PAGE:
Passengers that were on a flight from Chicago to London posted their grievances on social media after the plane made an unexpected stop, forcing passengers to spend 20 hours in a Canadian military barracks.
Flight 958 was on its way from O’Hare International Airport to London Heathrow Airport by the scheduled time of 5:26 p.m. before the pilot announced they would soon be making an emergency landing due to what the company says was a “maintenance issue.”
Lois Harper, who was on her way home to Stamford, England at the time, told NBC Chicago she and 176 others then sat on the plane for hours before the crew told them they were being diverted to Goose Bay, Canada to spend the night in military barracks. FlightAware.com shows the flight landed in the chilly Canadian city at 11:30 p.m. local time.
Many passengers claim they were dropped off at the barracks to manage on their own without heat, towels, blankets, luggage or most importantly – answers.
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While the passengers made do for 20 hours in the military camp site, one of the biggest frustrations accounted for in the social media frenzy was that the 11 crew members on board were nowhere to be found – because they were resting comfortably in nearby hotel accommodations.
"The crew must rest in order to continue the flight. You can rest on board the aircraft knowing that they are in charge," United responded to one angry passenger on Twitter.
Mary Ryan, a spokesperson for the airline said in statement that there was simply not enough hotel space available in Goose Bay, “so we accommodated our customers at a local military base and provided meals.”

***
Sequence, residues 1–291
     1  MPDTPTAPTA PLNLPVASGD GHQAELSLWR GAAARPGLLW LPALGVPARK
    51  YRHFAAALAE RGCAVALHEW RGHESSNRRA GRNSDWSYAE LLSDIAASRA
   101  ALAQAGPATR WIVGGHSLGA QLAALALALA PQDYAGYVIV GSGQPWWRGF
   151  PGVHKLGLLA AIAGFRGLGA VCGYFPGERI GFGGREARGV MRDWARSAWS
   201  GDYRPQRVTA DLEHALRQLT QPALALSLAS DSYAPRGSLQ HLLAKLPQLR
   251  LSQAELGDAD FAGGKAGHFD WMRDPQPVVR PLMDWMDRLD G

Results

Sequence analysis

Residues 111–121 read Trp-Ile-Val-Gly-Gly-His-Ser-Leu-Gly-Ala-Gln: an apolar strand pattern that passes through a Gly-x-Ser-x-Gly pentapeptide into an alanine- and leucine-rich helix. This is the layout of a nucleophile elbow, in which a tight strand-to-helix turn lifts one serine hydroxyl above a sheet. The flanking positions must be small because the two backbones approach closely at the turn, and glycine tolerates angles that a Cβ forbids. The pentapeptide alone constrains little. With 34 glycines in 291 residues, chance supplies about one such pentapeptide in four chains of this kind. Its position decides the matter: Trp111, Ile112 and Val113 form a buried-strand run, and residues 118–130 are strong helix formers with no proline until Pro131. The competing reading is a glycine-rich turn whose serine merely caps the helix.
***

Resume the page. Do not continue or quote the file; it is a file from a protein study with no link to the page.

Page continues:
“We apologize to our customers for the disruption, and we recognize this was a considerable inconvenience, so we will be refunding their tickets to London and providing additional compensation,” Ryan added.
Once a new plane arrived, the group was eventually flown to Newark, New Jersey about 10 p.m. Saturday where they then took off for their final destination of London on Sunday afternoon.
Despite the prolonged case of jetlag and travel-related annoyance the passengers aboard may have had to recover from (and we all can sympathize with), regulations from the Federal Aviation Administration point to a strong defense for the airline.
The latest rules and regulations mandating pilot and crew fatigue released by the FAA in 2011 show an airline carrier must provide an environment that permits “sufficient” sleep and recovery periods for all crewmembers on a flight in cases like these – and quite frankly, sleeping amongst hundreds of other passengers does not seem to qualify.
FAA’s regulations demand all crewmembers must report for duty after a minimum of 10 hours of measured “rest” and at least 8 hours of logged and solid sleep in order to be fit to fly.
“We made a promise to the traveling public that we would do everything possible to make sure pilots are rested when they get in the cockpit,” U.S. Transportation Secretary Ray LaHood said of the rulings in a release on the FAA’s website. “This new rule raises the safety bar to prevent fatigue.”